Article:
I’ve already written about the incredible benefits of consuming traditional bone broth during pregnancy, but this nutrient dense liquid is also amazing for babies!
Unlike store bought broth or stock, which is cooked for only 45 minutes to 4 hours, bone broth is simmered for quite a long time. As the broth simmers, nutrients leach from the bones, leaving you with a wonderfully nourishing and flavorful liquid.
Help broaden baby's palate
Breast milk (and formula) are quite sweet, so offering this nutrient dense savory beverage helps to diversify your baby’s palate.
Strengthen growing bones & teeth
Bone broth is rich in an easily digested and assimilated form of calcium & magnesium, which are essential for your baby to build strong, healthy bones and teeth.
Helps build connective tissue & joints
Bone broth contains glucosamine and chondroitin, which are among two of the most important nutrients for joint care and will assist in the development of your baby’s joints.
Bone broth is also a great source of hard to find nutrients gelatin and collagen, which are key in building and supporting connective tissue. These nutrients also aid in building cartilage and bone. If your broth gels when cooled, this is why. Just lightly reheat before serving.
Reduces the risk of allergies
Another wonderful benefit of collagen is its ability to strengthen the intestinal lining, which greatly reduces the risk of allergies and food sensitivities.
Supports immunity & digestion
The specific amino acids in bone broth perform a wide variety of functions including boosting the immune system and improving digestion.
When and how much
Bone broth can be given in small amounts as soon as baby has been introduced to solids. As with all liquids, the goal isn't to replace breast milk with broth in young babies, so offer broth as an addition to breast milk and solid foods, and be sure that broth isn’t filling baby up.
As baby begins to consume more solid foods, the amount of breast milk they consume will naturally decrease. At this time they can be given more broth, but again as with all liquids, still watch that it is in addition to solids and not replacing them.
Is cow’s milk Necessary?
When babies are weaned from breast milk or formula they are often given pasteurized cow’s milk, which can be very hard to digest and highly allergenic. The pasteurization of milk kills lactase (the enzyme which helps with the digestion of lactose), denatures proteins and damages fats. If you are mindful that baby’s diet is high in calcium rich foods, cow’s milk is not a necessary addition and it can actually be problematic for many little ones: leading to eczema, ear infections, gastrointestinal discomfort, and an increased frequency of colds.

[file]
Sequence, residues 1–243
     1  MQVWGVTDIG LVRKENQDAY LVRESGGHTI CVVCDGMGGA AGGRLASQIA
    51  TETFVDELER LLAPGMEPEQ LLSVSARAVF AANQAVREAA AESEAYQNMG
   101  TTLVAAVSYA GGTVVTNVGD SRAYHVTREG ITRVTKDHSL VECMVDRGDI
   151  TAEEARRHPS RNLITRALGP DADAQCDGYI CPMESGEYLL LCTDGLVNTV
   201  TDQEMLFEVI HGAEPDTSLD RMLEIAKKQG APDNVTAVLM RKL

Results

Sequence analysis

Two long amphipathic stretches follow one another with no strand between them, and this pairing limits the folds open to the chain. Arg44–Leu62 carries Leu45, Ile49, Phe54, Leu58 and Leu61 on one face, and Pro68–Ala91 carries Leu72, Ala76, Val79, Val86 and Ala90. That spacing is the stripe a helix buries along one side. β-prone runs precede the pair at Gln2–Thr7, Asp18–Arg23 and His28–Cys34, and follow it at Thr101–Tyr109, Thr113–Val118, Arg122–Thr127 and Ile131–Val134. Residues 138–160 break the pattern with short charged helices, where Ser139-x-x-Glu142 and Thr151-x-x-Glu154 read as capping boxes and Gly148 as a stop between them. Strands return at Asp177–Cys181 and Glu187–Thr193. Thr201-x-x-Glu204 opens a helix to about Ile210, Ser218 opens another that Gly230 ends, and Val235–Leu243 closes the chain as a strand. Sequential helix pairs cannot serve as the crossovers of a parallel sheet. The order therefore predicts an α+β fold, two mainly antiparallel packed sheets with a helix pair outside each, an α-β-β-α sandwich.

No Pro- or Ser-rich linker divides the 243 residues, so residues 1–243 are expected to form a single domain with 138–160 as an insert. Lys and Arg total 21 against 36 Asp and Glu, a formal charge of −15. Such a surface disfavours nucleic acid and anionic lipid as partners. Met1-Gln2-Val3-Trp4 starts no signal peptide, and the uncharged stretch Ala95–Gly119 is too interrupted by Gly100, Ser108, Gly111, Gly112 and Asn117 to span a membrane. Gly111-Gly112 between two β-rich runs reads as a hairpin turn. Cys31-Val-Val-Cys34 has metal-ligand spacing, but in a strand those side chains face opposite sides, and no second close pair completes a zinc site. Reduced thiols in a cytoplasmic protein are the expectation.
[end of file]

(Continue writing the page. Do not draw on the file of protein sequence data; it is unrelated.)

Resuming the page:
What about salt?
From the post Why Your Little One Should Be Eating Fermented Foods
”Salt is often discouraged for babies, but I always look to breast milk to better understand what mother nature has intended to nourish our babies with. Breast milk contains up to 220 mg/L of sodium and at least 250 mg/L of calcium. We all know calcium is important, so clearly sodium is important for babies as well. Even in the womb, fetal skin is permeable to sodium during early gestation. Does this mean that we should we add iodized table salt to a baby’s food, or give them processed foods with refined salt? No! You don't have to go out of your way to 'add' salt to baby's food, but as they begin consuming less breast milk, small amounts of sodium from food sources or high quality real salt is not harmful and contributes to a baby's natural mineral and electrolyte composition.”
bone broth for babies
A recipe from Baby Know's Best
This is a sodium reduced version of my traditional bone broth recipe and it’s great for young babies. As they consume more food and less breast milk, the sodium in this recipe can be increased slightly to 1 tablespoon, if desired. If adults are enjoying this broth as well, add additional salt to taste when consuming.
What you'll need:
- Slow cooker or large stock pot
- Fine strainer
- 2 pounds (or more) of bones *As with all animal products, I suggest trying to use the highest quality possible, especially when giving to babies.
- 2 carrots
- 2 stalks of celery
- 1 onion
- 1/4 cup apple cider vinegar
- 1/2 tablespoon of unrefined sea salt for young babies (can increase to 1 tablespoon for older babies)
- 1 teaspoon peppercorns
- Optional: any other vegetables and/or herbs/seasonings you like
- For an even more calcium rich broth, include vegetables such as turnip greens, leeks, green onions & additional celery.
* If using raw bones: roast bones for 30 minutes at 350°F to improve final taste.
Place bones in slow cooker or a large stock pot. Cover the bones with cool water until bones are submurged and add apple cider vinegar. Let sit for 20-30 minutes. (The acid helps leach the minerals from the bones.) Rough chop vegetables and add to the pot with any salt, pepper, spices, or herbs you are using. Bring the broth to a boil, then reduce to a simmer. Watch the broth for the first 2 hours for a film that floats to the surface. Remove this with a large spoon.
Recommended simmering times (don’t be afraid to cook for longer):
- Beef/Bison/Lamb/Pork broth: 48 hours
- Poultry broth: 24 hours
Remove from heat and use a fine metal strainer to remove all the remaining pieces of bone and vegetable. Broth can be kept in the fridge for up to 5 days, or freeze for later use. Once chilled a layer of fat may form on the top which can be skimmed off with a spoon or spatula.
Drink a cup of broth a day for nourishment… or use when sautéing vegetables, making soups, stews, gravies, and sauces.